This is the context in which I made my appeal to the IRA in April. This is the context in which the IRA took its historic and courageous initiative at the end of July.
I want to commend the commitment of all of those who took that decision and I want to appeal to every republican, the length and breadth of this island and beyond, to carry the struggle forward with new energy and enthusiasm.
The IRA initiative in July to formally end its armed campaign has changed the political context utterly. Our enemies can no longer use the IRA as an excuse for intransigence, and a refusal to engage with the peace process and the Good Friday Agreement.
I believe the delivery by the IRA of commitments made in that statement will dramatically change the political conditions on this island, but especially here in the north.
It will present Irish republicans and nationalists with an unparalleled opportunity to make even greater political advances, and to make Irish freedom a reality.
For republicans, nationalists, socialists, trade unionists and all strands of progressive opinion in Ireland this means grasping the opportunity which now exists to take ownership of the peace process, to push ahead with its progressive agenda and to take on the task of shaping the future direction of this island for the decades ahead. Central to that effort has to be nation building - planning in a very strategic way the steps towards Irish unity. Part of this has to be about eliminating sectarianism and racism from our society.
And for Sinn Féin that means opening up the party to a wider membership and participation, particularly to women and young people who will bring their own life experiences and values, and it means setting new goals for the growth and development of the party in this area.
The potential for significant growth throughout the island is substantial. Why can't we have a Sinn Féin cumann in every townland or parish?
The fact is that republicans are now in a new area of struggle.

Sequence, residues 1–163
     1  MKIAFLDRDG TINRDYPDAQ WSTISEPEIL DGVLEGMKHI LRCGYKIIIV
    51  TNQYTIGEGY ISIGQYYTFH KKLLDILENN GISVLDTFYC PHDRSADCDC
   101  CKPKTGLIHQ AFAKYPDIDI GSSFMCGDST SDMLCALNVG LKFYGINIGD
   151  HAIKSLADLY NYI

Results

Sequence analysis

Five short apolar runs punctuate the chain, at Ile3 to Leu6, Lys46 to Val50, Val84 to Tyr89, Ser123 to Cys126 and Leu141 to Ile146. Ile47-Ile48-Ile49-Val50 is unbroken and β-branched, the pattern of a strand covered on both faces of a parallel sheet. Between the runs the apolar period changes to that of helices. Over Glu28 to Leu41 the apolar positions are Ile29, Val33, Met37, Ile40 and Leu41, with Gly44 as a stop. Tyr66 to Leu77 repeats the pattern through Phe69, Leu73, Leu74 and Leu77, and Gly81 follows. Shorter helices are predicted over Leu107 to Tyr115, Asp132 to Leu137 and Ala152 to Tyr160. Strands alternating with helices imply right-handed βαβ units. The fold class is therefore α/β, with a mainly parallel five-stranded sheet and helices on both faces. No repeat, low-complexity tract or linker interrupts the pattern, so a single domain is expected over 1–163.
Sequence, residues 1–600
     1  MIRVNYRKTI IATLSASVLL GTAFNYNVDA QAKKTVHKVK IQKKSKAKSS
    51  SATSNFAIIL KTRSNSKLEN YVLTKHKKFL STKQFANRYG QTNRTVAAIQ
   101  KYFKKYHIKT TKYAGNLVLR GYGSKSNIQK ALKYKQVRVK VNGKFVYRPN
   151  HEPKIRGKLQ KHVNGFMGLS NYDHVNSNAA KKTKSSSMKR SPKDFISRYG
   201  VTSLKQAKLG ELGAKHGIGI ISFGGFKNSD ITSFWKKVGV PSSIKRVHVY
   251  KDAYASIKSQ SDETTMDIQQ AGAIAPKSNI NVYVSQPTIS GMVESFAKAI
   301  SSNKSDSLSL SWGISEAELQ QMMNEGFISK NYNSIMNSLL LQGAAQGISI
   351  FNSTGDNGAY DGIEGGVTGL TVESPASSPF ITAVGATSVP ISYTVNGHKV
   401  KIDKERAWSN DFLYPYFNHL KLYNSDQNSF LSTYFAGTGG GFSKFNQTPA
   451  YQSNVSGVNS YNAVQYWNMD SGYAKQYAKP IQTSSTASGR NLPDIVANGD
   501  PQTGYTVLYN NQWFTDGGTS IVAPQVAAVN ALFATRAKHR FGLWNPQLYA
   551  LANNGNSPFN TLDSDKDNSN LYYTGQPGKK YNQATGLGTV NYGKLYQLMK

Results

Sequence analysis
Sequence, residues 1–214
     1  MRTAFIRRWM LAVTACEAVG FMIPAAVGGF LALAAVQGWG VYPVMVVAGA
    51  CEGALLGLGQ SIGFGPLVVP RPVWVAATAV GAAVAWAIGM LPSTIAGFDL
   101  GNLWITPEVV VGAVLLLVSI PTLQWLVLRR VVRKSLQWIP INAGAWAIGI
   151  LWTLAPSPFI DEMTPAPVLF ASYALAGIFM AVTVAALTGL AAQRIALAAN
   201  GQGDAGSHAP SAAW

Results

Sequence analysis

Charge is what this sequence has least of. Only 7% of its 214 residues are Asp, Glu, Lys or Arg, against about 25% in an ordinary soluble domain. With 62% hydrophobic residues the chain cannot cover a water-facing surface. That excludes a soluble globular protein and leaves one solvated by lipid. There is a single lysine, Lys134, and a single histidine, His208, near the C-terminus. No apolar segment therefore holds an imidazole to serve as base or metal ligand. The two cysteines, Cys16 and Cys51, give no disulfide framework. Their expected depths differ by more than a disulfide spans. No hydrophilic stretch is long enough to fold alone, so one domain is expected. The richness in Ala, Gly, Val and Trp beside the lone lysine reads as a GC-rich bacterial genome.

We have moved from a culture of resistance into a culture of change and through this to building political strength so that we can democratically take political power and exercise it in pursuance of our goals.
It is through building political strength across Ireland that we can advance our goals.
By building political strength we can build the capacity to move both the British government and the unionists and influence directly the political agenda in the 26 counties.
Of course, none of this will be easy. Our enemies within the British system and in Dublin will still seek to defeat us.
In recent months unionist paramilitaries have killed five people and have been involved in a systematic campaign of terror against nationalists, especially in county Antrim and Belfast. The unionist political leadership by abdicating responsibility and moral and political leadership encourages the continuation of this behaviour.
The excuse which some have sought to use is the deprivation experienced by unionist working class areas.
Let me make several points in respect of this.
First of all the riots in recent weeks were not about deprivation but about unionism and orangeism demanding to walk through a nationalist area on the Springfield Road.
Deprivation, or more accurately the playing of the orange card and the violence and threats of violence accompanying all of this, have been about forcing the British government into acquiescing to the demand for orange parades to march through nationalist areas.